Cricket's Greatest Moments

Anon PaynAnalyst IJuly 9, 2008

I love cricket, and everything about it. Over the past 10 years it’s nearly been the center of my life. But I have never fancied myself as "knower" of the game.

10 years, after all, is such a small fraction when you look at the history of the sport. A sport that almost died, rescued from the brink of public anonymity by the charismatic semi-professional W.G. Grace.

A sport that saw the likes of Charles Lennox, the second Duke of Richmond, and Sir William Gage, the seventh Baronet, patronizing it. And later ThomasWaymark made his mark in the late 18th century, when the game was as much a gambling sport as it ever was (and to think they are after bookies today!).

Then there were Thomas Brett and Edward “Lumpy” Stevens, supposed to be the first bowler to bowl the “flighted” delivery.

Surviving the “Seven Years War” the game sustained itself till the two most unlikely (at least in today's world) opponents faced off in the first international game—the United States and Canada.

Soon afterwards, England played Australia in the first ever Test.

The first batch of the superstars made their appearance. Grace was one of them, and so was the Maharaja, Ranjit Singhji. Wilfred Rhodes, C.B. Fry, and VictorTrumper all remain tall figures in the hallways of cricket even today.

Then the Don and all his contemporaries whom no one cares to remember!

And soon, cricket began to take shape, and become the sport we know today.

The sport has seen it all. Ten years, it’s so short a while!

Yet, here is my effort in compiling some of the greatest moments that the sport has seen relatively recently. Some are from before I was even born, but most of us can relate to all of them. Hope you enjoy the ride.

Jonty Rhodes Runs Out Inzy, 1992 World Cup

Rhodes later admitted that he slipped on his shoelace while trying to bend forward to remove the bails, but whoa, did he create a ripple. A splash rather!

South Africa, making their first international appearance since being relegated from international cricket, couldn’t have asked for a more appropriate moment as a sign for things to come from a side, which would later on set the world standards for fielding in cricket.

Click here to see the video!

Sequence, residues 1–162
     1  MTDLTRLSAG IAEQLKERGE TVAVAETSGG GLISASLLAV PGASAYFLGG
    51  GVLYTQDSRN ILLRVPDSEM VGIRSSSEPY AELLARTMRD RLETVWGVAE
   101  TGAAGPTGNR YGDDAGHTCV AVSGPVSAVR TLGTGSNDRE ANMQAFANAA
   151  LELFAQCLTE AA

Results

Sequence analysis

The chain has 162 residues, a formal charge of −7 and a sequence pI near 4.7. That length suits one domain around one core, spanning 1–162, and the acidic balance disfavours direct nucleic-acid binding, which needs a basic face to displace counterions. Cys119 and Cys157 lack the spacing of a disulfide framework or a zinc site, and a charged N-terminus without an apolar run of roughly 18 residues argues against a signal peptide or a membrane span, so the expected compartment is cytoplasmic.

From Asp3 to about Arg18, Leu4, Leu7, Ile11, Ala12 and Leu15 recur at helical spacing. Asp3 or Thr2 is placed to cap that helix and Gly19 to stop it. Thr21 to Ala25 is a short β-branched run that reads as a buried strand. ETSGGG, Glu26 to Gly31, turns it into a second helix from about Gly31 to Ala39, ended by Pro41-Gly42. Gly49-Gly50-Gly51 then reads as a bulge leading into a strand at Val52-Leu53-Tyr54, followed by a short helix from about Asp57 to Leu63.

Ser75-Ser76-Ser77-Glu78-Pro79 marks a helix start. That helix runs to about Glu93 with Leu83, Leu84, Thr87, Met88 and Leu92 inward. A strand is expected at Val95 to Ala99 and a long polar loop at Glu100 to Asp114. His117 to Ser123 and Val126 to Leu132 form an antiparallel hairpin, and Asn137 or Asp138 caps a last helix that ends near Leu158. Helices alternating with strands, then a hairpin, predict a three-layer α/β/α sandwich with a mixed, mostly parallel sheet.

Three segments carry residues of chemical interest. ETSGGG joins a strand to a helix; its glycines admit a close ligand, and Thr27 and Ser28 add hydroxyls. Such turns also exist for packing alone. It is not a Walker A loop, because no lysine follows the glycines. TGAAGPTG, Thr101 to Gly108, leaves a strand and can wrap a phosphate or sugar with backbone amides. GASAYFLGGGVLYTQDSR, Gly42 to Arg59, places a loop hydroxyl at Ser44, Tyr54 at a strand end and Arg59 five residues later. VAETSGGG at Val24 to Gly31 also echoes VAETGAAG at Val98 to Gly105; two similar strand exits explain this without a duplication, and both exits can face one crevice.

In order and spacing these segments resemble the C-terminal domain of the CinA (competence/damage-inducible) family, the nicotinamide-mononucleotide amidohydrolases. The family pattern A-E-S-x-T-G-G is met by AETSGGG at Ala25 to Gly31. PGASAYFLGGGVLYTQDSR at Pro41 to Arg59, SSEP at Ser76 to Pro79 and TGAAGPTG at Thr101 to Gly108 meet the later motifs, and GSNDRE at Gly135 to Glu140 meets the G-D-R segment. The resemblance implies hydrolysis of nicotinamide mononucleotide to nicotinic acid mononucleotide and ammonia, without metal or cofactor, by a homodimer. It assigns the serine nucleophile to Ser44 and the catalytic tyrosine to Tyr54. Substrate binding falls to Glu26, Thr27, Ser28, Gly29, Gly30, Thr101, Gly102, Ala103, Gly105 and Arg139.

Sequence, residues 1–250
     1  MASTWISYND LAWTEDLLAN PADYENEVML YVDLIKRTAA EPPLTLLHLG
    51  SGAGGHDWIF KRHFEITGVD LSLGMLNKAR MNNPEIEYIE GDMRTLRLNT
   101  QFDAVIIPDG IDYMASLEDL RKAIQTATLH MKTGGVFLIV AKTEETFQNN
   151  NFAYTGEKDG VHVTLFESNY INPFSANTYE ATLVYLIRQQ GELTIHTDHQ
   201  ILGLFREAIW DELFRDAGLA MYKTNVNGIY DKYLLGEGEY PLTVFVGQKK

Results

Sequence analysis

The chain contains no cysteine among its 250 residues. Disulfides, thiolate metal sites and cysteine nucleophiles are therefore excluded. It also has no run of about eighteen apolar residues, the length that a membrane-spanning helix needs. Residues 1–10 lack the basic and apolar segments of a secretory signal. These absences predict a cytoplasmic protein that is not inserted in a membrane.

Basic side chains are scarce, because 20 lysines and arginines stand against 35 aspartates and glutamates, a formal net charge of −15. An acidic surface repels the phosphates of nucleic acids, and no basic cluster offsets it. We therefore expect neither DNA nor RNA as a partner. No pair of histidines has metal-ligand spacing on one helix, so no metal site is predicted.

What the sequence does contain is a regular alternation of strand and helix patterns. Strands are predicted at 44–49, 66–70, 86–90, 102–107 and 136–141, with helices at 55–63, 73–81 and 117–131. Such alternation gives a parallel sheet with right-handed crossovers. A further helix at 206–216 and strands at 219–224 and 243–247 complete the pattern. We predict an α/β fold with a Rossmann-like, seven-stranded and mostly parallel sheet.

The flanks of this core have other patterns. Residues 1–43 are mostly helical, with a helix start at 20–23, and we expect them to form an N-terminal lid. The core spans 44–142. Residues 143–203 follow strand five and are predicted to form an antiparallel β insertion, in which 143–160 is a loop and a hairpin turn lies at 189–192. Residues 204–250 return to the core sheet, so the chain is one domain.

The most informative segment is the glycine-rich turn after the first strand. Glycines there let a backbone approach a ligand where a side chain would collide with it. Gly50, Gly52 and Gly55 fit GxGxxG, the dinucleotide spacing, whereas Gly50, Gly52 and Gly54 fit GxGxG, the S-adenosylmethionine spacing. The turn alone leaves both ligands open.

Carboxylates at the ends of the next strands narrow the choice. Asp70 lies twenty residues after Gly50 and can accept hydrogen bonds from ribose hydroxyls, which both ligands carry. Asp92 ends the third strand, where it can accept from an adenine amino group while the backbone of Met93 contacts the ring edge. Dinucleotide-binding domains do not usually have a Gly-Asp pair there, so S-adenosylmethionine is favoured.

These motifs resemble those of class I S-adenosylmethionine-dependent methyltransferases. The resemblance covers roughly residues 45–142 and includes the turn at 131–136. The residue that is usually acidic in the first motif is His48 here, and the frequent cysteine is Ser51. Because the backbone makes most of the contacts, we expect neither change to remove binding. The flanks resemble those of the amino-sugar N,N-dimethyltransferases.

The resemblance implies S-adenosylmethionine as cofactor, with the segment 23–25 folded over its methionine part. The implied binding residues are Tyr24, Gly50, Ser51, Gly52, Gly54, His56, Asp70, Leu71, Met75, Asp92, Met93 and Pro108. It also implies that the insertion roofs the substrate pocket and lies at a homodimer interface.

Sunil Gavaskar Goes Past Bradman

When Sunil Manohar Gavaskar made his personal highest Test score of 236, he demolished a record that had survived for 36 years.

When Bradman scored his 173 against a hapless England in his penultimate Test inning, few would have thought his record could ever be challenged.

But the professionalization of the sport saw an increase in the number of matches played, and Gavaskar finally overtook Bradman in his 99th Test, a feat unimaginable during Bradman’s era.

Since then, of course, many have gotten past the 30 centuries mark, RickyPonting being the latest entrant.

Warne’s Ball of the Century

The porky youngster who made his debut against India at Sydney would never have imagined he would play for Australia ever again after the thrashing he received at the hands of Ravi Shastri and Sachin Tendulkar on his debut. Let alone producing what is now famously referred to as “The Ball of the Century.”

In his very first delivery against the Old Enemy, Warne produced the delivery that changed the way the world viewed him (on field at least), and indeed, the art of leg spin itself.

To quote Tom Stangster of The Daily Telegraph:

"After hitting an early boundary, (Mike) Gatting took guard for his first ball from the young spinner. Warne began his run-up—just a few casual steps—before releasing the ball with an almighty flick of the wrist.

"The ball continued straight for three quarters of its flight, until the viciously spinning ball swerved wildly to the leg side. The ball pitched well outside the leg stump, gripping viciously, turning past Gatting’s outside edge to just clip off stump." 

Indeed, the world began to get spun into the obnoxious little kid, The Greatest There Ever Was!

WATCH!

1983 World Cup: The Underdog Triumphs!